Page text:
Prizes and politics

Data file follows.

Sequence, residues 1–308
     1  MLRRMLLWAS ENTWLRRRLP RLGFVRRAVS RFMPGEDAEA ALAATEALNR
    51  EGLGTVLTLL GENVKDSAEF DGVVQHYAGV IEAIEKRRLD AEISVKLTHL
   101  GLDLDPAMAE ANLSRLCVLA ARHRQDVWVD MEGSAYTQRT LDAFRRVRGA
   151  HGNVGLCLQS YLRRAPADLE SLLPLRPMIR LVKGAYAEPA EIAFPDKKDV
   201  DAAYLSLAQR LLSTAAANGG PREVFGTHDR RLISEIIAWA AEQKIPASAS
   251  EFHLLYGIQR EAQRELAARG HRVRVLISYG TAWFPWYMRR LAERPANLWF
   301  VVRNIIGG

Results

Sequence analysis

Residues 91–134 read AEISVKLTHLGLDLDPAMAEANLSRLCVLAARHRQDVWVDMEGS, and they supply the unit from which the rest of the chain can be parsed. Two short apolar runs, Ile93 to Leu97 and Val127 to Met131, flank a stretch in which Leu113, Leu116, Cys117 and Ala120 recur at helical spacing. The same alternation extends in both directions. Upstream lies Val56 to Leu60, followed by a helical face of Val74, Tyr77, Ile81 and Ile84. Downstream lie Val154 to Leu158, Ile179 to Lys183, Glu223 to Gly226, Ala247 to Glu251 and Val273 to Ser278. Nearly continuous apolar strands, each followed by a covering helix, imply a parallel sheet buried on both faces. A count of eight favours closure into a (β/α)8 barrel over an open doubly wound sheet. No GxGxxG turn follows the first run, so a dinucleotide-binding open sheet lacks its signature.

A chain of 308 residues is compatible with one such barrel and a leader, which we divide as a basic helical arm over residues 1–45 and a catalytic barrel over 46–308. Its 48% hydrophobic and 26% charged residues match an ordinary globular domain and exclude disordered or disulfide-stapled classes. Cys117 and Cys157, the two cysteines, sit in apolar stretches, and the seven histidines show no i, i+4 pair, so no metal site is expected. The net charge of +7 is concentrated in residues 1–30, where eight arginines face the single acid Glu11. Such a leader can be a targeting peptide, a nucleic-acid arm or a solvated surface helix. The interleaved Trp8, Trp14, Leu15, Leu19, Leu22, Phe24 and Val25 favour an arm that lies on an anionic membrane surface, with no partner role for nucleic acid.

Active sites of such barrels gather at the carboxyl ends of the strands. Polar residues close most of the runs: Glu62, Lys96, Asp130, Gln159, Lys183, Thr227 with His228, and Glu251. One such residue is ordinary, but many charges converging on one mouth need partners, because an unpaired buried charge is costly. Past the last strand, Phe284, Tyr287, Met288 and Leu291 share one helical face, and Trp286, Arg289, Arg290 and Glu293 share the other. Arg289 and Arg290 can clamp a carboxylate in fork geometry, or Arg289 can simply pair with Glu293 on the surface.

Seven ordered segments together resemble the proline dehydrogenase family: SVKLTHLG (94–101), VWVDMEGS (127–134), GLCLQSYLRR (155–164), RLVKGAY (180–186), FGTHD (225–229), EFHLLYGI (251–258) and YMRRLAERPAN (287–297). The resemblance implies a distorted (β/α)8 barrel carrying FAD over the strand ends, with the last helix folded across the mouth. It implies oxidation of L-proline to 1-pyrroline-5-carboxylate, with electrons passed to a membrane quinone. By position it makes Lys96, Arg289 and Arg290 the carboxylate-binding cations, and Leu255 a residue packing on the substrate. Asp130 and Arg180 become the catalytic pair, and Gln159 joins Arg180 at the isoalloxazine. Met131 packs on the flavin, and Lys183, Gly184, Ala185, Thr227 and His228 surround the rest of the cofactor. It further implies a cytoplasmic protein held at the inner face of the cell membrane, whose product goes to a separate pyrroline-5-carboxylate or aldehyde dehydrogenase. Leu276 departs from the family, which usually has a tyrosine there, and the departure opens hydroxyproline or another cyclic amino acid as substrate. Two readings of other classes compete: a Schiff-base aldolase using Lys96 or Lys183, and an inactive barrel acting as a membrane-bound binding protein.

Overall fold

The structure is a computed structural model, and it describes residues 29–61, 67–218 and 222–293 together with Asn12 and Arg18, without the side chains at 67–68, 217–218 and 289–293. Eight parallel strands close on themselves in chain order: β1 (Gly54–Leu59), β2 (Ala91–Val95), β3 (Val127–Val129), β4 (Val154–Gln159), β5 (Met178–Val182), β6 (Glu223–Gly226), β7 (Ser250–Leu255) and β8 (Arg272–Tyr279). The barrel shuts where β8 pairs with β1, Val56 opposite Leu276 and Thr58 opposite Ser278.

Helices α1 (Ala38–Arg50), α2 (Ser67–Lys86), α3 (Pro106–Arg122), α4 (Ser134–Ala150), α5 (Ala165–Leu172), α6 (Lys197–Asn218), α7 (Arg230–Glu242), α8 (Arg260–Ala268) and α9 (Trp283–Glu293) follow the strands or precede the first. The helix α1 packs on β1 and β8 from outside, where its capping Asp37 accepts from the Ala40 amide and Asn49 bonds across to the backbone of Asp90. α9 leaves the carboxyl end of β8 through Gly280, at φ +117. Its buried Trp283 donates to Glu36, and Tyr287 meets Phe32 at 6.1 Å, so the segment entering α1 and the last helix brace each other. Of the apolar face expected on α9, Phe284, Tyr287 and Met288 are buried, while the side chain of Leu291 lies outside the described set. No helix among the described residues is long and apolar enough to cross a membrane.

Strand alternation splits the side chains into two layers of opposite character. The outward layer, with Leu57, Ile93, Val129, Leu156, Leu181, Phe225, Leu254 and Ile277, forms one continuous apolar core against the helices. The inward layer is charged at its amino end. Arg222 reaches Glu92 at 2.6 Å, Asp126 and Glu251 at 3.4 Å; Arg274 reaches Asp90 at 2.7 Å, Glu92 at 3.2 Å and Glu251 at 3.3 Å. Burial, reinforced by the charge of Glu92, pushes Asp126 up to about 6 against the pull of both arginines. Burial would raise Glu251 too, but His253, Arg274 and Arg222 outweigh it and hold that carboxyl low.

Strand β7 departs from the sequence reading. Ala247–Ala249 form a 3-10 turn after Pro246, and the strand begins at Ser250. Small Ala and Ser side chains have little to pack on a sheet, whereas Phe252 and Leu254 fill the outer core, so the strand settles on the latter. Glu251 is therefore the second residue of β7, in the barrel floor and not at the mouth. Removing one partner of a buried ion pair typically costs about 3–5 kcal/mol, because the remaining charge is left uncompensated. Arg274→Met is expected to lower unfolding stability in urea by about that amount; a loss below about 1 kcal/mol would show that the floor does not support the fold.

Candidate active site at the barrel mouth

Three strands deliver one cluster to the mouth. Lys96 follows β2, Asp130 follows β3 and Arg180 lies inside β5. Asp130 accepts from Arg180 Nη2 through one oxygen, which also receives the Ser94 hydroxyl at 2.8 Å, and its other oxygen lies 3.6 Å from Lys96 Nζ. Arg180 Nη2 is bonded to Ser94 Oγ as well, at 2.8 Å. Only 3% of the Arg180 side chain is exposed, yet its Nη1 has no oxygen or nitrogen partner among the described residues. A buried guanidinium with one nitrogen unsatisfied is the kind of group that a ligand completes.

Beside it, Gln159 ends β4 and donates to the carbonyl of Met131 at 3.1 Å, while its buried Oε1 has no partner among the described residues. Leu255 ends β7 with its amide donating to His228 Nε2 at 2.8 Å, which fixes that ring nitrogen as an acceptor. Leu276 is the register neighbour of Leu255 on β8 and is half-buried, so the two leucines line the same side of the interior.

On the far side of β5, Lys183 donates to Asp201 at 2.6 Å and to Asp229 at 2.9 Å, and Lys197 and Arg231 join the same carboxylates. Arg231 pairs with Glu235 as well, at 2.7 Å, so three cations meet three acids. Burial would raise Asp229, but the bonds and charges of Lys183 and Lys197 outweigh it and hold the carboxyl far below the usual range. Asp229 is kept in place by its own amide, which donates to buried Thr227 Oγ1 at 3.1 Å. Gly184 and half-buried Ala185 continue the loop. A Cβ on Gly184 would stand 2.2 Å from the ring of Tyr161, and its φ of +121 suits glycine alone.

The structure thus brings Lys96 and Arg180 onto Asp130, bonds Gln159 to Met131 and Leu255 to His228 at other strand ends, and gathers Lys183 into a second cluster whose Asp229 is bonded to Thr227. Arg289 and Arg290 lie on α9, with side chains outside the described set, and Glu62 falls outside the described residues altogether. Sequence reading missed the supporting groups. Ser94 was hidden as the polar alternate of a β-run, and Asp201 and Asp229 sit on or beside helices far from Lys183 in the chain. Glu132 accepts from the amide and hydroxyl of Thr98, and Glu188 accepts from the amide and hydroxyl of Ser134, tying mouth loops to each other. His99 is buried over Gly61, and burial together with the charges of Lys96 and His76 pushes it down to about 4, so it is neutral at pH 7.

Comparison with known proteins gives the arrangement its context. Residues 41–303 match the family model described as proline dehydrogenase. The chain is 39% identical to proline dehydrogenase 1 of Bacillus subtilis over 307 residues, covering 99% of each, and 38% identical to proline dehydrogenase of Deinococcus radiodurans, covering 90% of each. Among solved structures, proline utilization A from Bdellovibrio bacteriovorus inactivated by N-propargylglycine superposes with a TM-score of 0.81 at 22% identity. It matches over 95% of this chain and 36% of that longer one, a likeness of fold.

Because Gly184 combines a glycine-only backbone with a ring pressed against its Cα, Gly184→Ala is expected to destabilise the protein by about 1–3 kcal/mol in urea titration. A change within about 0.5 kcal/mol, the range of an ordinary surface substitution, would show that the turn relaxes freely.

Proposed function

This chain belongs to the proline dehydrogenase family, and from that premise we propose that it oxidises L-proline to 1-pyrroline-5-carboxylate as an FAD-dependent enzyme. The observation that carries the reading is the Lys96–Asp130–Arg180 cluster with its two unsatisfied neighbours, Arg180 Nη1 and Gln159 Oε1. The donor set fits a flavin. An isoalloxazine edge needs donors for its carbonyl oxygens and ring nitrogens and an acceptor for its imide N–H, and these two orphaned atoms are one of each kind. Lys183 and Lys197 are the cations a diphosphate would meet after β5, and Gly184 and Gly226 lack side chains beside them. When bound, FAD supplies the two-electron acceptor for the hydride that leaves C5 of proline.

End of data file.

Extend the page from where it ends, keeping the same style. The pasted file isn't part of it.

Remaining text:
With the Booker prize winner announced this week the papers have provided the now seemingly obligatory counter-attack. Robert Harris blasted the Booker in the Evening Standard. However, yesterday's Guardian had Mark Lawson claiming that cultural prizes serve a valuable role in bringing art to a wider market. I am a bit undecided. Many of the complaints against cite irrelevance and being out of touch. Yet Lawson says that the attackers are missing one vital point: the purpose of the Man Booker is to promote the kind of work which audiences are reluctant to find otherwise. Fair point. Enright's book had sold little over 3000 copies on the eve of the prize, and much was made of the even lower sales figures of the other shortlisted titles (excluding McEwan, whose On Chesil Beach is now over 100,000). I am glad that there is a huge prize that realises that talent frequently does not equate with 'units shifted'. Lawson says that many miss the point that an originally written novel may have vanished completely without the prize. But what he, or any of the other critics, and we are all Critics nowadays, fail to emphasise is that it is the publishers who are responsible for choosing which books to submit to the panel in the first place. The panel can then call in, I think, 16 titles that haven't, for some reason, been submitted. And, for me, this is one of the problems. I believe ALL books should be called in as the current system more or less has publishers as being the first stage of the panel that is then going to judge that publisher's titles. The decided bit of me thinks that the Booker panel would have to be greatly revised to include more appropriate judges, and thay means much more diversity, for it is hardly representative of anything except the traditional almost Leavisite literary gate-keepers of yore. Many would say this is how it should be - an elite who determine what is talent enough to win and what isn't. The problem is though, that elite are still overwhelmingly white and middle-class. But isn't this just reflective of novelists themselves? To a degree, yes. But novelists are far more culturally diverse than even ten years ago, and the long and shortlist was fairly representative of this. But, again, the one group whose absence is still all too clear is that of the working-class woman; a very strong thread throughout the novel's long history. This cannot be refuted. It was also telling, therefore, that the front page story of the same issue of The Guardian shouted that class inequality is still rife in the UK. Politics and culture? Hand in hand.